Jewelry Buyers Guide To Quality Assurance - Prong Settings
Let’s face the facts, there is a lot of competition out there and companies will do whatever they can to attract more customers. Therefore, regardless of whether you are investing $8,000, $80,000, or even $800,000, there is a need to educate yourself as best you can to ensure you are making the right decision when it comes to your diamond jewelry.
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When assessing the level of quality on the production of your jewelry there are many aspects to focus on before releasing any products to the public. Only, in place of only claiming to uphold to the highest levels of quality, we thought it best to teach our customers how to inspect their jewelry on their own so they can see for themselves. We suggest you start with the prong settings to ensure your diamonds remain secure.
The Diamond Cut
How well a stone is cut is actually considered one of the most important characteristics of a diamond or gemstone. The longer the light remains within the stone, the more the color will show. Unlike colorless stones, since the goal is to contain the color within the diamond for as long as possible, the diamond facets are often cut asymmetrical and somewhat out of proportion to maximize the reflection of light. As a result, sometimes setting the stone accurately is a little more complicated. However, if done correctly, the outcome is only that much more mesmerizing.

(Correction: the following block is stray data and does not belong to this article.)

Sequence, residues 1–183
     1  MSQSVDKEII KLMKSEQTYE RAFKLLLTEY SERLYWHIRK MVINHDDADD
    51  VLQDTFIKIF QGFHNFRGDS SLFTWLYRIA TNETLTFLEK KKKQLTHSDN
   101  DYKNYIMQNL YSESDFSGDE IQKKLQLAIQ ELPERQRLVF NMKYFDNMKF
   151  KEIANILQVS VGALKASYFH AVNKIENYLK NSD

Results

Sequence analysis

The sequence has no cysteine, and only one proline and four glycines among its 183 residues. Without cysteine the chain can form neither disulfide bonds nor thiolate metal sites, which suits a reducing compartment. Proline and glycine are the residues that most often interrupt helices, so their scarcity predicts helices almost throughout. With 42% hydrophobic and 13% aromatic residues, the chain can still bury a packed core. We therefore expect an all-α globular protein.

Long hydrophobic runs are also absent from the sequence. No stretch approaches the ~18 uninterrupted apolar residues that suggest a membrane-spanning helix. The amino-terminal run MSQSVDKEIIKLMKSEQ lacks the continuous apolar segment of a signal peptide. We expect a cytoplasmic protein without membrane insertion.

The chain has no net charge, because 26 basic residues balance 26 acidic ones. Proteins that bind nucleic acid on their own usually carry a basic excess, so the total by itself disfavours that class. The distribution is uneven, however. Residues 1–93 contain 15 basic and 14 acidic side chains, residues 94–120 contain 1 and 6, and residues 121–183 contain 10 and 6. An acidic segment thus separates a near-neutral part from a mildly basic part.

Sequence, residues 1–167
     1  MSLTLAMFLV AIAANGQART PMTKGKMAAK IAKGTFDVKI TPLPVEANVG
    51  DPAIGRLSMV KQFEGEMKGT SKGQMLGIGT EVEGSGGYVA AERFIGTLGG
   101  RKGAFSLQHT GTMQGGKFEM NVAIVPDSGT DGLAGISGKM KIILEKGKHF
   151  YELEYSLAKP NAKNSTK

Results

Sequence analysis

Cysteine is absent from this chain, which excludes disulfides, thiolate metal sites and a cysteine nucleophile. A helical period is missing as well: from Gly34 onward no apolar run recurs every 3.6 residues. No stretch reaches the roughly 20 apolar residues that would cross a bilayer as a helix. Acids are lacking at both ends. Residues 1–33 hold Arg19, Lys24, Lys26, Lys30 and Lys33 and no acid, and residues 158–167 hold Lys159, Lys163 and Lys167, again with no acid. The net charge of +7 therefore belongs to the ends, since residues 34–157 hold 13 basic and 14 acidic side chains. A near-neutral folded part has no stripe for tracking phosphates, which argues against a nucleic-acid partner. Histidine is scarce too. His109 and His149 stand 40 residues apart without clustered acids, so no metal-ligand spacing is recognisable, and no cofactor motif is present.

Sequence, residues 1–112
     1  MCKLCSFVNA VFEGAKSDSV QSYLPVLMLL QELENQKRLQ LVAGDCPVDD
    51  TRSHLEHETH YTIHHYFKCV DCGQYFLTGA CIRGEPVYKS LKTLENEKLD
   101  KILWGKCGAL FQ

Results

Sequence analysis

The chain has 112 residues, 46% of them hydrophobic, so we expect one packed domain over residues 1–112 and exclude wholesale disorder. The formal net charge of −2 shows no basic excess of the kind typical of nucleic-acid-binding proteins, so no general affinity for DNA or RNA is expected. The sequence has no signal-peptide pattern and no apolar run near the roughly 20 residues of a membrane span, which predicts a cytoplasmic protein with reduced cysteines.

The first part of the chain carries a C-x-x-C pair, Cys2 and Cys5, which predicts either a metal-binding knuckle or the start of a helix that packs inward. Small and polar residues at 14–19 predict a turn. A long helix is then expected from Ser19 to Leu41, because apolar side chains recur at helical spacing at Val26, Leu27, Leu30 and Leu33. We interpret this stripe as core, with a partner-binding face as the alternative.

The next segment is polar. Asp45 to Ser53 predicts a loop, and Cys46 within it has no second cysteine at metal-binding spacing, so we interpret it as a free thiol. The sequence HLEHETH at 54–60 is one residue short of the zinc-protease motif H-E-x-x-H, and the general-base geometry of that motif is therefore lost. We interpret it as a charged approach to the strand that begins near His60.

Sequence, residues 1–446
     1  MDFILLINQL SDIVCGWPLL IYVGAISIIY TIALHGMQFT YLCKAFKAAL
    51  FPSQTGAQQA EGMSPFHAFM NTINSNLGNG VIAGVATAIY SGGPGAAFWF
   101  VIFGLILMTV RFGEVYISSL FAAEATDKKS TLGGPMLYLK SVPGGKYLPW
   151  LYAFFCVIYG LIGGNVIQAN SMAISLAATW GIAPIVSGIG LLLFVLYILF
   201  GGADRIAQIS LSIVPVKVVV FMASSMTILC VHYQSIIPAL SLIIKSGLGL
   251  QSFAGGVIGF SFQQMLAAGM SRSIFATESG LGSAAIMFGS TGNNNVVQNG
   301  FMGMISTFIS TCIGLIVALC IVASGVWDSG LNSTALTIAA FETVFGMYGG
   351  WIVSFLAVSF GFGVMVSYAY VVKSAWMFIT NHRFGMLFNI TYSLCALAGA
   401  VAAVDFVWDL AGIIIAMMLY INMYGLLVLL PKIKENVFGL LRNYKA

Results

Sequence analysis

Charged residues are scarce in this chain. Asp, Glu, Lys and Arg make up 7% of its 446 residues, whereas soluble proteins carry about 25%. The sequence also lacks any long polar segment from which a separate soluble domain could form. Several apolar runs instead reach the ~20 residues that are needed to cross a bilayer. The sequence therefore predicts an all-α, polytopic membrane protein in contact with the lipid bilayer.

Marking the rough diamond before the cut
The Perfect Prong Setting
In order to securely set a diamond in its place, the prongs must be made with accuracy.
- They should be rounded, polished, and have an entirely smooth surface.
- Coming up from the setting, the prong should be evenly bent over the crown so that the metal is flat against the crown.
- Each prong must have the perfect angle cut so that it conforms to the shape of the stone on either side.
- The outer curve, otherwise known as the heel of the prong, must be at least half as thick as the entire prong. This minimizes the chance that it will crack in the future.
Setting a wedding band
The Guide to Secure Prongs
The perfect prong setting will look like this:
- 70-80% of the height of the table
- The metal is formed flatly and evenly against the crown
- The prong is cut in the specific angle that accommodates the stone’s shape perfectly
- The thickness of the hook of the prong is no less than 50% of the prong’s thickness
Use these guidelines when buying a prong setting to avoid poor quality workmanship:
The Heel of the Prong
Check the heel’s thickness – if it’s less the 50% of the rest of prong, it might bend or break.
The Top of the Prong
If the top of the prong is thin it might bend or break and the stone will eventually fall.
A Hooked Prong
A hooked prong does not “hug” the stone tightly enough and therefore does not secure it properly.
If the top of the prong is not bent around the stone it might catch on textiles and fibers and eventually bend backwards.
Prongs Cut in the Wrong Angle
If the prong is not cut in the specific angle of the stone, the stone will not sit securely and will not have support.
Inaccurately Cut Prongs
Prongs cut with the wrong tool are weak and don’t hug the stone properly.
Incorrect Angled Prongs
When the height of the prong is not 70-80% of the height of the table, the prong usually bends outwards after some time.